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Tensions are rising between Ukraine and neighboring Romania after a recent border incident on the Danube River. Bucharest announced yesterday that it has decided to deploy additional patrol boats on the waterway in reaction to alleged violations of its border by Ukrainian vessels.
15 October 2004 -- Romania's decision to deploy 13 more patrol boats on the Danube River comes in the wake of alleged border violations by Ukrainian merchant ships.
Yesterday, the chief of Romania's border police, Aurel Neagu, said that despite notifying Kyiv after each incident, Ukrainian ships have illegally entered Romanian territorial waters four times this month. Neagu said his country will no longer tolerate such violations but expressed hope that authorities from both countries can agree on common steps to avert other such incidents.
In turn, Romanian Foreign Minister Mircea Geoana said that, despite the tensions, Bucharest is willing to continue talking with Kyiv about the issue.
Also yesterday, Romania's ambassador to Kyiv, Alexandru Cornea, was summoned to the Ukrainian Foreign Ministry to explain a recent incident involving boats from both countries.
Officials in Kyiv say that on 9 October, a Romanian patrol boat forced the captain of a Ukrainian cruise ship to change course and leave the dredged portion of the river, putting the lives of his German passengers at risk.
Speaking to reporters on today, Ukrainian presidential-administration head Vasyl Baziv accused Romania of refusing to reach a negotiated settlement. "Such actions by the Romanian side contradict the accord [on border procedures] that exists between our countries, create unsafe conditions for navigation on the Danube River, and endanger human lives," he said. "It is particularly alarming that the Romanian side avoids discussing the border issue."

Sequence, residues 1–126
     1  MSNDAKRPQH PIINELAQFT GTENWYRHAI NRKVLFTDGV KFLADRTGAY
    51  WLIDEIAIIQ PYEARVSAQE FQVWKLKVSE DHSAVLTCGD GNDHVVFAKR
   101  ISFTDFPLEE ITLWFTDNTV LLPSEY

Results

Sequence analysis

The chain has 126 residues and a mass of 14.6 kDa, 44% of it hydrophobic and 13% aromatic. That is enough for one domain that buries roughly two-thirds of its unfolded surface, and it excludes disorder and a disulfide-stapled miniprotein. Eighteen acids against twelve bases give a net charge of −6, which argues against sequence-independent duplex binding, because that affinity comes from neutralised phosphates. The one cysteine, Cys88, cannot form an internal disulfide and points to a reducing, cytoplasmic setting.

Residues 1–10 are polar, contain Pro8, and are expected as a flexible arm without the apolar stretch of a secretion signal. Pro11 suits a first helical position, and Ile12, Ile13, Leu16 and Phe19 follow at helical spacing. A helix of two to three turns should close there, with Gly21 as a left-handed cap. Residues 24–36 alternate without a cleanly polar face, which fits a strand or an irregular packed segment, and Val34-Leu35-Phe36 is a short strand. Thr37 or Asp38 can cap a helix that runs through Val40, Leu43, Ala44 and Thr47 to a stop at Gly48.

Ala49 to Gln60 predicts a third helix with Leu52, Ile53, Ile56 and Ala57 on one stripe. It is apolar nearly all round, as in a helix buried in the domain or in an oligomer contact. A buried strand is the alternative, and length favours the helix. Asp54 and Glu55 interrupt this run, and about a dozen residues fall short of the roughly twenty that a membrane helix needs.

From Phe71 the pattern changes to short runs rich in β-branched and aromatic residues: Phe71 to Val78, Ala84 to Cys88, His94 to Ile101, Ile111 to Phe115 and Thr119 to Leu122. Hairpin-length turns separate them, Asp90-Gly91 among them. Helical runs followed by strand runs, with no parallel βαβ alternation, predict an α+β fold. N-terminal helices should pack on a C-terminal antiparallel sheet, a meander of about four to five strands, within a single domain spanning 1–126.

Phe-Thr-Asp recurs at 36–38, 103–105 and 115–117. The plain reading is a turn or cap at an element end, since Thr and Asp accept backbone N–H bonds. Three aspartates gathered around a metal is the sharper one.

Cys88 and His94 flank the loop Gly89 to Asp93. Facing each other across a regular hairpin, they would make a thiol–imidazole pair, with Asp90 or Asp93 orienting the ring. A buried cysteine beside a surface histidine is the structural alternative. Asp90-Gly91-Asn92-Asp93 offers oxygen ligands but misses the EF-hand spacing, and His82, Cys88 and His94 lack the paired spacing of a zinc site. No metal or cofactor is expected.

The dispute between the two countries stems from Kyiv's controversial plan to improve ship traffic on its side of the Danube Delta.
Under normal circumstances, silt would make navigation impossible on that part of the river. But Ukraine last month dredged and reopened the delta's easternmost canal.
Kyiv hopes the renovation project will boost its share of Danube River traffic to 60 percent from its current 2 percent. Tolls for using the new Ukrainian canal are roughly half those imposed by Romania on the western side of the delta.
Bucharest says its opposition to the project is not prompted by commercial interests. It argues that the Ukrainian canal cuts through internationally protected wetlands and poses a threat to the area's ecosystem.
International environment watchdogs support Romania's ecological concerns.
The European Commission demanded in August that Kyiv suspend the project until an independent environmental impact study could be carried out.